SUPERGIRL Review 1.18 “Worlds Finest”

The Flash visits National City

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There’s something very odd about “Worlds Finest.” Something haphazard and disconnected, between the action scenes in particular. It feels like it was thrown together too quickly, with two episodes worth of plot and story progression crammed into one. These two hypothetical episodes each had vastly different visual styles, and it’s the first time in a while the pop-culture references on the show fall on the wrong side of overwrought. And yet, it somehow manages to be one of the best and most affecting hours of television in this new DC canon, a true testament to the might of these characters.

‘Dawn of Friendship’ is the superhero crossover you’ve been waiting for, and its radiance is unparalleled.

When we last left Team Supergirl, Kara was trying to win back the public’s trust, James was coming to terms with his feelings for her, and Winn was just happy to be there. Caught in the middle of all this was Kara’s professional rival Siobhan Smythe, whose drunken rage led to the accidental discovery of her Banshee screaming powers, not too dissimilar from the X-Men’s favourite Irish son. Siobhan, while equally Irish, isn’t so much a mutant or a metahuman as she is merely Irish-cursed, with an ancient spirit threatening to burst out of her. Her fake Irish aunt tells her to kill the person who made her mad in order to prevent the spirit from taking her over and making her a mad murderer. Or something. It really does just seem like she’s going to end up a silver-haired villain either way, which makes the sudden re-emergence of Livewire a welcome change of pace.

Along with The Flash’s lead character, Supergirl seems to have borrowed its biggest plot convenience. The DEO’s security is now as bad as STAR Labs’, with Siobhan free to roam and listen in on interrogations as she pleases. She catches a glimpse of her partner-to-be, a woman with similar goals and targets, and wouldn’t you know it, we’re off to the races! Brit Morgan’s Livewire returns to a much more confident Supergirl, one that allows her to chew the scenery with her words and her very posture. She exudes the show’s deliciously Silver-Age stratagem (despite being a character from the ‘90s), screaming bloody murder with every look and every lightning bolt, and I do hope she ends up being a recurring villain from now on. Banshee, on the other hand? Not so much. She’s short-changed by the show’s sudden need to speed things up in this, its speedster episode, and while the evil-just-because routine works for her sister-in-crime, it feels like a slight misstep for a character we’ve spent these many episodes getting to know.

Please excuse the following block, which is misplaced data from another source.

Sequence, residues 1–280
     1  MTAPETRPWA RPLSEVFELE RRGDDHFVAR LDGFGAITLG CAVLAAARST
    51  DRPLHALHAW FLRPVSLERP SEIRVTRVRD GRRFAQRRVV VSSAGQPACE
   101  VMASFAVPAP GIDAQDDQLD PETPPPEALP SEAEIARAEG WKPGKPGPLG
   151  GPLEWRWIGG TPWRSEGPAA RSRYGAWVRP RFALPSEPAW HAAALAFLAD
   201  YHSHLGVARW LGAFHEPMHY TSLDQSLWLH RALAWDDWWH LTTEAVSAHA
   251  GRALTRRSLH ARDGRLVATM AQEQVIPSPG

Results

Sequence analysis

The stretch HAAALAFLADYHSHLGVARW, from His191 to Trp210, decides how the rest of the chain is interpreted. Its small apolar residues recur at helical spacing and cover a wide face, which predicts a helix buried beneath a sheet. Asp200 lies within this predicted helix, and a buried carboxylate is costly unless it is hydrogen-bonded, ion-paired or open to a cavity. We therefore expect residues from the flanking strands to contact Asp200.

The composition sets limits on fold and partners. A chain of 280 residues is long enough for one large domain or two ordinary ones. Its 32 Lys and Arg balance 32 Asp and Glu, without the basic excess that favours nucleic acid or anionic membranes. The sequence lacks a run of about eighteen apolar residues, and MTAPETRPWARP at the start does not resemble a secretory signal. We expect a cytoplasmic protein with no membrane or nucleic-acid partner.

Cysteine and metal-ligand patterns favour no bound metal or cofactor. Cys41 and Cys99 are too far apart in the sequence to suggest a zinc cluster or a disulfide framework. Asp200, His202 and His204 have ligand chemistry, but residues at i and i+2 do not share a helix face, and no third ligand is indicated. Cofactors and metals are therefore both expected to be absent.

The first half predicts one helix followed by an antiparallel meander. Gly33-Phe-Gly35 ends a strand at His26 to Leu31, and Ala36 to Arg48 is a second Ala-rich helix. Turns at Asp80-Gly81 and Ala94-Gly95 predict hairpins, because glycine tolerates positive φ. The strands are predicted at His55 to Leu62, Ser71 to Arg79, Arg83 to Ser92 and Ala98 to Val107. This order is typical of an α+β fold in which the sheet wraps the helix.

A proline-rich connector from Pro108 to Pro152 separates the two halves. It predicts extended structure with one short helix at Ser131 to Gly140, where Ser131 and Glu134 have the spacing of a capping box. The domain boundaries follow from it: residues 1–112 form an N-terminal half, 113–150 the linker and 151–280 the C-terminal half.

A ‘just because’ that does work however, is when Banshee knocks Kara out a window at the exact moment Barry Allen runs through a hole in universe to save her. The Flash’s first appearance on this Earth happens the same way as his first ever comicbook Earth-jump: completely by accident. Barry’s been trying to get faster over on Earth-CW, resulting in his long awaited trip through the Multiverse and on to CBS. Their first meeting? It’s as casual as can be. Both of these heroes exist in worlds where flight and super-speed are completely feasible, and the fact that they essentially shrug each other off without coming to blows while processing each other’s existence is a wonderful thing. Part of the reason it goes down this way is because they both have the same number one priority. The Flash is in this situation because he saved a woman who he thought needed saving, and Supergirl’s first thought is to rush back to CatCo and save the people in the building. There’s no time for sadness and punching when you’ve got people to help.

The collision of these two worlds is the culmination of all great things DC. Supergirl represents the big, existential ideas embodied by Godlike characters, while The Flash smashes together all the craziest, headiest comicbook concepts while tossing its characters into the whirlwind. In either case, it’s about well-meaning people trying to traverse these amazing worlds, with one trying to live up to a symbol and the other fighting to save existence itself. It’s the meeting point of mythology and science fiction in the coolest way possible, as Kara casually reveal she’s an alien as Barry sketches the Multiverse for a skeptical James and a surprisingly receptive Winn, explaining jaw-dropping concepts like alternate universes where history-shaping events unfolded differently, right before proving his physics-shattering powers by getting everyone ice-cream. “Yes!” yells Kara. I concur.